We often discuss staffing issues within the bubble of our laboratory routine. In this context, we discuss the need for timely training and competency assessment and the problems that ensue when these are not fulfilled; we are concerned when behavior affects work performance, cooperation and team spirit; and we act when there is dissatisfaction with the work environment and routine. However, this has been a most unusual, even tumultuous year, and events outside the bubble may be impacting the cohesiveness of our laboratory team.
Over the last 12-18 months we have seen unprecedented public involvement in our electoral process and, as a result, intense political, cultural, religious, economic, class, geographic, and demographic discussions. I have heard anecdotally that the strong feelings that these issues engender have spilled over into the workplace, and in some cases, affected how staff relate to each other.
For our profession in particular, this stress is compounded by all the rapid changes we have to deal with that accompany the introduction of new technologies, new specialties, new regulations, and new requirements. An indication of the almost revolutionary changes occurring in laboratory medicine are what were a short time ago new buzzwords, and are now established terms routinely in use: Genomics: Molecular Diagnostics: RFID; ACO; Direct Access (Test Results); IQCP; Value-based Medicine; Mobile Technology; and Personalized Medicine. We now routinely note the growth of retail medicine; and the steady loss of physician office labs. It is notable, particularly as laboratory professionals, that the healthcare profession as a whole, is at the intersection of both technological and political change. Wait until next year!
Given the prevailing power of the internet and social media, is it any wonder that some of these feelings would spill over into the daily discourse among our staff? Of course, in general, open discussion of any change coming is to the good; the more information available about changes to our profession or more specifically to our laboratory operation, the better prepared our staff will be to adjust. Transparency regarding the laboratory operation is a must to achieve and maintain laboratory quality. Laboratory management should always encourage this.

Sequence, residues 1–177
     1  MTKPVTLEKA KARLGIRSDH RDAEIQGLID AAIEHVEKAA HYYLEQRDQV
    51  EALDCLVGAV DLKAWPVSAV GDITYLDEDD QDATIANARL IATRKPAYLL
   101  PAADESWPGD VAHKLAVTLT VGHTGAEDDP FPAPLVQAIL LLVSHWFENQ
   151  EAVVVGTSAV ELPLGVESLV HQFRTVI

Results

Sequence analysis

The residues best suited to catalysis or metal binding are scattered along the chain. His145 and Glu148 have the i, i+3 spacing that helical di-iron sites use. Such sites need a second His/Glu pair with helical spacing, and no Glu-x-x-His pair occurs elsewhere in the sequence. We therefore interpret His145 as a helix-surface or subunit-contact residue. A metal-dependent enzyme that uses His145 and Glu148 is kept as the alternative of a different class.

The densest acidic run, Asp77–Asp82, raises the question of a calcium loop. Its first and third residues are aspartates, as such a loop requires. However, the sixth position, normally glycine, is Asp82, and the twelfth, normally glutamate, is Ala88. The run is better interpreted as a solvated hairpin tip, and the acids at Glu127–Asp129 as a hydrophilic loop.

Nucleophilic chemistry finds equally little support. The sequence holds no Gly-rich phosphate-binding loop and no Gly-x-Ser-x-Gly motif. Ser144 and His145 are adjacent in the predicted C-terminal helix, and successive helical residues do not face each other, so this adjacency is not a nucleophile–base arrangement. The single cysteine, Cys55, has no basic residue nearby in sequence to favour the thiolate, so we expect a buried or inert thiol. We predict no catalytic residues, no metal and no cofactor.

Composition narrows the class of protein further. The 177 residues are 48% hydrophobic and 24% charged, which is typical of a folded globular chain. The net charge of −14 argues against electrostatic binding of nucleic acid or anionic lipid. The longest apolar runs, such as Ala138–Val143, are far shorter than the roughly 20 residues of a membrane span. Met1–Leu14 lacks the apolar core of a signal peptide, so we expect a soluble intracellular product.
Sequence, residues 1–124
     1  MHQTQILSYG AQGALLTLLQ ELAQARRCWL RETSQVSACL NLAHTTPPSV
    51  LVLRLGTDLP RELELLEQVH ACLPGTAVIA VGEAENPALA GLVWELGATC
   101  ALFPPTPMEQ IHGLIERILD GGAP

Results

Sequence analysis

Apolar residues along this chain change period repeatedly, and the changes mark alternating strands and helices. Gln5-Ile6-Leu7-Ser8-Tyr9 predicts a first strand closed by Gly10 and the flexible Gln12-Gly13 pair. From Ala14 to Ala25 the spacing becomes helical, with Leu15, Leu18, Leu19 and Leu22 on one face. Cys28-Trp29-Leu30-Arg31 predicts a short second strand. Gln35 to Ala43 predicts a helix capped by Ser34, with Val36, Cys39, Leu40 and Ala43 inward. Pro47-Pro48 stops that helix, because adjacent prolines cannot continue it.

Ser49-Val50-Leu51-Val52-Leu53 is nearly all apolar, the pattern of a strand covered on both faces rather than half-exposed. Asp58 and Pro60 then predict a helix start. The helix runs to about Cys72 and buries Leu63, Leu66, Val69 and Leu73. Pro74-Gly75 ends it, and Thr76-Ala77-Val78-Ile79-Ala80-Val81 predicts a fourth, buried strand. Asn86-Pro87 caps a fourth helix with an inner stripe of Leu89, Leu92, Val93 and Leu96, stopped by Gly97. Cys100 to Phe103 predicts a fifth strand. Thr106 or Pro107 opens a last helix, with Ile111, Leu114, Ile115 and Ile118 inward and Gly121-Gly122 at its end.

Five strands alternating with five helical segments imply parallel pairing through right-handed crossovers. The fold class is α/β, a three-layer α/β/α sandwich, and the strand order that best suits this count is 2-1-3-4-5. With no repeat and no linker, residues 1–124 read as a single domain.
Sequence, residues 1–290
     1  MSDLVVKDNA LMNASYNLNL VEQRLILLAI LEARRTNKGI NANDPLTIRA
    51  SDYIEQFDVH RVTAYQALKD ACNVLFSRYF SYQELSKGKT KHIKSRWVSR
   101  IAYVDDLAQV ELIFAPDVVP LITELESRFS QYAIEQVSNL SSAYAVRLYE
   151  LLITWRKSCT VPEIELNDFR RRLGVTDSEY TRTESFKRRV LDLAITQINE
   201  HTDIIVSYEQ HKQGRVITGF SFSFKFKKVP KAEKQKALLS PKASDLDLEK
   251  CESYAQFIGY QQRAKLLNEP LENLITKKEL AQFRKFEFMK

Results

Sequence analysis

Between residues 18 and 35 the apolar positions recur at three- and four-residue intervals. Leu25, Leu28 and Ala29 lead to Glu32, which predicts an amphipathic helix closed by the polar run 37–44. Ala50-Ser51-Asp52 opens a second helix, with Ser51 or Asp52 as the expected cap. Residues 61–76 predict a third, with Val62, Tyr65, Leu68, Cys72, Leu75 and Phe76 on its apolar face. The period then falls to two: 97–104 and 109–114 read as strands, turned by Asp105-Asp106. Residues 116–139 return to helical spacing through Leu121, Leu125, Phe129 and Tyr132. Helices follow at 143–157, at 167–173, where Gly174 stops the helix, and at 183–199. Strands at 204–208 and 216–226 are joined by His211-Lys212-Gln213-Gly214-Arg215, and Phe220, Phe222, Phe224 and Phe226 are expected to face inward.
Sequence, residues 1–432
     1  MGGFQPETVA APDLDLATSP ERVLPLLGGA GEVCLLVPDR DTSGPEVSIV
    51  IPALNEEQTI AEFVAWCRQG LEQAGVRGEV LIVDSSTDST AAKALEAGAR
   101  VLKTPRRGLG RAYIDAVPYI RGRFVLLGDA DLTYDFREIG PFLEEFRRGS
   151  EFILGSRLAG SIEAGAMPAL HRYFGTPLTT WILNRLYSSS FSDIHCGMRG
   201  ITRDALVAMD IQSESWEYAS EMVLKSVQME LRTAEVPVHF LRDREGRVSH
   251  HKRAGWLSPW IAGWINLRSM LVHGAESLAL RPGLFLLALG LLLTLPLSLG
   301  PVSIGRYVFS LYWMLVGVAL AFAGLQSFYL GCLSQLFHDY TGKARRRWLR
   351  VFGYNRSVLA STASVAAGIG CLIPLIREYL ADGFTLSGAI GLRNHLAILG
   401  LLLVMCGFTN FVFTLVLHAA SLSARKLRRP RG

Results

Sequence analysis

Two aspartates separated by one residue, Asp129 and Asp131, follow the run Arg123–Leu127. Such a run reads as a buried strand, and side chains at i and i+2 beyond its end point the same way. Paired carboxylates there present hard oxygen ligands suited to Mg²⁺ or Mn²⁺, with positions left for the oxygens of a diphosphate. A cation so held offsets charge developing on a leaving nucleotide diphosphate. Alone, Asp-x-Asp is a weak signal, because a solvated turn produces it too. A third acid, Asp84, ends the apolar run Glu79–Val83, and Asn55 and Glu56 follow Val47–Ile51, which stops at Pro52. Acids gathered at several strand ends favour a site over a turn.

But what do you do when external issues create rifts within your staff? How do you handle political, cultural, and generational differences? What happens when strong opinions expressed result in less tolerance, more partisanship and hurt feelings? These emotions cannot always be kept out of the workplace; some staff bring their feelings into the workplace; others keep silent about their opinions; yet we must all work together for the benefit of the patient. Where do you draw the line between self-expression and workplace propriety? After all is said and done, the work of the laboratory must be done, the quality maintained, and patient care not compromised.
The “first responders” to any indication of disruptive behavior must be laboratory management. The astute manager will be able to identify who is a disrupter; and who is feeling intimidated, either directly or thru the comments of other staff; and if this is disruptive to the laboratory operation and the team structure.
What steps can a manager take?
- Inform the employee(s) involved about the impact their behavior is having on coworkers
- Set guidelines for acceptable behavior, enlisting Human Resources if needed
- Stress that the quality of the laboratory work must never be compromised to personal differences, regardless of how strongly felt.
We live in a far more intense time, perhaps more than at any time since World War II, and laboratory management must be vigilant and aware that everyone is entitled to their feelings and opinions, but not at the expense of laboratory teamwork or quality.